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List Your Accomplishments Using Strong Action Verb Statements within Your Resume

How to Get Started:

· Get your current resume out and make a list of every accomplishment you can think of. No matter how big or small, at least 1 from each job listed.

  • Every "thank you" ever received that is documented and you can go back and review the circumstances around it.

  • Next list your Educational attainments and personal triumphs.

  • Start each Accomplishment "bullet point" with a strong "action verb" that makes sense and sounds impressive.

Most weight is given to Present Work Accomplishments and goes down in "level of importance, as listed in #s 1 - 4 below:

1. Present Work Accomplishments (listed below)

2. Past Work Accomplishments: ie. promotions, raises, awards, formal recognition, public praise, etc.

3. Educational Accomplishments & Professional Certifications, Accolades

4. Personal Accomplishments

5. Anything given to you, a gift card, an Employee of the Month award, chosen to lead a team/project, etc.

Plug in your new Accomplishment statements wherever you see “job duties” listed on a bullet point currently on your resume. When you have a draft, you want no bullet points to be “job duties” or responsibilities listed.

Determine and plug in as many quantitative figures as possible into your Accomplishments statements. Easy ways to do this is to tally up how many “of something” you did on the job. The more you can make these statements be in the same subject matter as your goal career/job title includes, the better chances you’ll have of landing the job you want.

Make notes of sentences you think sound “weak”, boring, you generally just dislike or think it sounds weird. Look again later and brainstorm changes to make.

Need more ideas for language to use? Look up examples. Use advise articles and templates in Jobscan. Research/google “what makes a _______ resume stand out?” (Insert desired job title.)

Synonym dictionaries and reading about “the psychology of getting a job” proves useful too!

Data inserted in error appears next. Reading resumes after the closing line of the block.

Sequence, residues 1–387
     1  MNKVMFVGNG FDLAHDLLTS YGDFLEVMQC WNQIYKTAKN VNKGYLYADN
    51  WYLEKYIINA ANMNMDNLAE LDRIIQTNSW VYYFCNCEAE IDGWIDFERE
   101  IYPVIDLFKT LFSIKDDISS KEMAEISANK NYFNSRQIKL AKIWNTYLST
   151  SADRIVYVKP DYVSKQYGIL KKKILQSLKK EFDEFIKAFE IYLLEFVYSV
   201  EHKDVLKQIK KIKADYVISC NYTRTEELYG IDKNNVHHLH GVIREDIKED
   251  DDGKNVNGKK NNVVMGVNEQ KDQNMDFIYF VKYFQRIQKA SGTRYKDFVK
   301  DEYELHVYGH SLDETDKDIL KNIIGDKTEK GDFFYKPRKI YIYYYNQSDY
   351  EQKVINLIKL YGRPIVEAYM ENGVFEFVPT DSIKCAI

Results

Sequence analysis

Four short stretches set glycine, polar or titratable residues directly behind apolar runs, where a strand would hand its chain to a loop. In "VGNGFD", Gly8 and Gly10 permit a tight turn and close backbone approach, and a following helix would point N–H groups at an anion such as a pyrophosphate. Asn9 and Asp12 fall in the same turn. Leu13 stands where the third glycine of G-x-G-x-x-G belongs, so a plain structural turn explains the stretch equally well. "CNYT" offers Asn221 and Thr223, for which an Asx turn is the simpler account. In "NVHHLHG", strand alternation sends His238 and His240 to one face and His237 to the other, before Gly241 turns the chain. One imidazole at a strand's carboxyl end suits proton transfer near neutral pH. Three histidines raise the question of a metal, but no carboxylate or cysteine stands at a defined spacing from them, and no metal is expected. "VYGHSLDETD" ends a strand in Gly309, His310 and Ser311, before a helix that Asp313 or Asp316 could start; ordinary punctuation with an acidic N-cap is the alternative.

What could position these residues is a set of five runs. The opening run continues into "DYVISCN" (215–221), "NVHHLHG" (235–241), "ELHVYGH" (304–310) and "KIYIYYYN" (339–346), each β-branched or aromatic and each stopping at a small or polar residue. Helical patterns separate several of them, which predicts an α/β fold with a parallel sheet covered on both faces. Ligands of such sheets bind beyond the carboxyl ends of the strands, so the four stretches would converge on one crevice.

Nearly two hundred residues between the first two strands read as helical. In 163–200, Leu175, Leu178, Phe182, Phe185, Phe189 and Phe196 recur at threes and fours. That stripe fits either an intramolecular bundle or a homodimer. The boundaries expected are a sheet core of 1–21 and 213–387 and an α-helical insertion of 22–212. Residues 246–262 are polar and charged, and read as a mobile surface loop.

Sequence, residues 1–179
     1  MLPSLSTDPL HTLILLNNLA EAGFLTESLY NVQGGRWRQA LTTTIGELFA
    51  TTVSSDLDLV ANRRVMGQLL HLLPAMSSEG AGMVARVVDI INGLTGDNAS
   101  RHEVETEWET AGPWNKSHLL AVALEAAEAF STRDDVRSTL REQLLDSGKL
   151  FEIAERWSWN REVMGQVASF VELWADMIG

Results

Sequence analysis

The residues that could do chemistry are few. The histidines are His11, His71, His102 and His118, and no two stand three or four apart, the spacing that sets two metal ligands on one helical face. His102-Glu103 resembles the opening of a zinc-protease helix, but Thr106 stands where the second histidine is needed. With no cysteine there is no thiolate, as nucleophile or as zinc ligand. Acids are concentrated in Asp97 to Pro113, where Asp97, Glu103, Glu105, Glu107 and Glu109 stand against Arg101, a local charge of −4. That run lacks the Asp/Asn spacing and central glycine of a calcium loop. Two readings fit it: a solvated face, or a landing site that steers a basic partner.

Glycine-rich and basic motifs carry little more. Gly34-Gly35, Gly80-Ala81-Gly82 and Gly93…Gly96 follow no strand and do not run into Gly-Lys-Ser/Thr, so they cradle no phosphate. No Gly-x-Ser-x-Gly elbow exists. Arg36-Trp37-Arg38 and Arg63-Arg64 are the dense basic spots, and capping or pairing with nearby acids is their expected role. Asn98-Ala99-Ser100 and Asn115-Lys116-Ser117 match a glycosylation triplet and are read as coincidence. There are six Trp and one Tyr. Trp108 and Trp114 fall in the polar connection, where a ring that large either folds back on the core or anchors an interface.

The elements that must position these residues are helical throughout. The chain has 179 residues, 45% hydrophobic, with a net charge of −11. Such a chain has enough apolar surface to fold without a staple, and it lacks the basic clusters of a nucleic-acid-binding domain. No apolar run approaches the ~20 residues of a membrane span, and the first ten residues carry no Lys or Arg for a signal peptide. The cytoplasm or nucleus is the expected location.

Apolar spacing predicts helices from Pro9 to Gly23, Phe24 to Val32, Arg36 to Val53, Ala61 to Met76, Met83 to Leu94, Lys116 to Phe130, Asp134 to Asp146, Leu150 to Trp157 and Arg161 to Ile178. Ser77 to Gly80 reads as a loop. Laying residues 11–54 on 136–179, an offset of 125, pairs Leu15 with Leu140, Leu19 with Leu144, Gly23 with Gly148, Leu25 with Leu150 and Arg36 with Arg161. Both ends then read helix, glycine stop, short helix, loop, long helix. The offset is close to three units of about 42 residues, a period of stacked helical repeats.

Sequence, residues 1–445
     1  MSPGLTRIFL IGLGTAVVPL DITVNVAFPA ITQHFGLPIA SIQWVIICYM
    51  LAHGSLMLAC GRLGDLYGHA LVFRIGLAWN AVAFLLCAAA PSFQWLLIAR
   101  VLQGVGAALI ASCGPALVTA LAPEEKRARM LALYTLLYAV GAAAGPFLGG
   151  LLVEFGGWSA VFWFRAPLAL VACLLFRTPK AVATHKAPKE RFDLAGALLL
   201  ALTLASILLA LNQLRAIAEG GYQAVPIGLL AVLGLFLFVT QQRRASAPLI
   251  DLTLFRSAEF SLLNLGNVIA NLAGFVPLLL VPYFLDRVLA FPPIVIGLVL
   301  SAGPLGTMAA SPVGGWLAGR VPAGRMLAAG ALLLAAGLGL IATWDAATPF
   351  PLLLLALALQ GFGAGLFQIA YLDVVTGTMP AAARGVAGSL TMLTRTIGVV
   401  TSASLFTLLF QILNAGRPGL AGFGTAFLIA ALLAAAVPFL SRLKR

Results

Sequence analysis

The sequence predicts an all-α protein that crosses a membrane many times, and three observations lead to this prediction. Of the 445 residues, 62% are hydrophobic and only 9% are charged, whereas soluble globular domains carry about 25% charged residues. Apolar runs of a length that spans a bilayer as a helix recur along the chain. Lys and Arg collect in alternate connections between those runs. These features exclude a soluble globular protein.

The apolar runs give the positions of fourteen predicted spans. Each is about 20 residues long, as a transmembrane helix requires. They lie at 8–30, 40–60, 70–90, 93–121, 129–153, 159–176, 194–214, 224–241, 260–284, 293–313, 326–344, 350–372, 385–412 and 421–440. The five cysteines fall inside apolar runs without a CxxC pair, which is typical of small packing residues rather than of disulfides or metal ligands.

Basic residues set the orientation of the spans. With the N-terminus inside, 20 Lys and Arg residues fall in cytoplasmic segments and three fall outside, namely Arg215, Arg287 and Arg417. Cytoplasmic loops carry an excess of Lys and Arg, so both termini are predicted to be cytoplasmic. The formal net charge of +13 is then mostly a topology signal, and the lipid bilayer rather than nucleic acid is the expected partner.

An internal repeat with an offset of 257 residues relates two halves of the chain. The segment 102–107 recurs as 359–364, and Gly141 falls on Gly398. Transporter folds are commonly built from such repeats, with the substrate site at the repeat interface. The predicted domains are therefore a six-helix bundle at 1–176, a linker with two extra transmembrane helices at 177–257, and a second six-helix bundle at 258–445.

Align Your Resume with the Job Ad

Use this tool to optimize your resume and LinkedIn pages for recruiters.

Why We Write Your Resume This Way

1. In short, because the recruiting system in America (and throughout the world) is broken. This has resulted in a lengthy, time-consuming, machine-based, impersonal, incorrect people assessment tools, tests, and application systems that have done more harm than good to the practice of recruiting.

2. We know now based on data from over a decade of using these machines and practices that they’ve done nothing more than abuse applicants who don’t write well, who are jobless, who suffer from mental instabilities and challenges, people who are changing career paths, all economically/financially struggling individuals and entire communities, ex-military members, disabled individuals, the elderly, people over 40, all minorities, and the under-employed, to name a few….switching gears here…

3. Therefore, we create what I call an “Accomplishments-based, Quantifiable-figure heavy resume” that will serve as a tool to discreetly tell the recruiter/reader that you KNOW the impact your work has made, and that you are CONFIDENT in yourself overall, your work performance, and your work ethic.

4. Creating a list of all accomplishments, ever, and keep it handy. This will help you when drafting cover letters and changing your resume up for different companies based off of the characteristics, traits, and behaviors hiring managers want to see in you

5. When you are aware of how many awesome things you’ve done and continue to do, you increase your dopamine levels in the brain, and the combined actions help you realize how much you have to offer the world!

6. Helps you get and stay in the right mindset, prep for interviews, and get used to talking about yourself.

7. It opens your mind to view your hidden talents.

8. You learn new ways to use psychology and the art of language to your advantage.

9. Remember, the degree to which something is considered an "Accomplishment" is SUBJECTIVE, so don’t worry about what you think “should” be listed here that you don’t see.

Accomplishments” are 100% in the eye of the beholder; you just have to sell your story.



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  1. Think like a Candidate. Post your open jobs where they hang out online and in-person.

  2. Create recruiting business cards. Hand them out to your team. Tell them to give one to anyone the meet or know that they want to work with at your company.

  3. Invest in a referral program. If 60% of your hires aren’t coming from referrals, there’s still room to improve. Include other people besides your employees, such as all of your networks. Offer anyone who refers someone who gets hired, an immediate reward.

  4. Do not allow your recruiting process to stall or lag waiting on one interviewer to be available to interview candidates. Skip them, replace them, but do not stall. Candidates are getting new offers every day, so best act fast.

  5. Use AI sourcing tools and Sourcing Specialists. Personally, I prefer to source passive candidates using Their platform scours the net, not just LinkedIn, for quality talent. I also hire contractors to help me fill difficult positions on a project by project basis, which saves a lot of legwork and time.

  6. Go local. Sponsor an event in your business’s city. Take an ad out in the city paper, neighborhood association newsletters, and utilize your chamber of commerce and local unemployment office.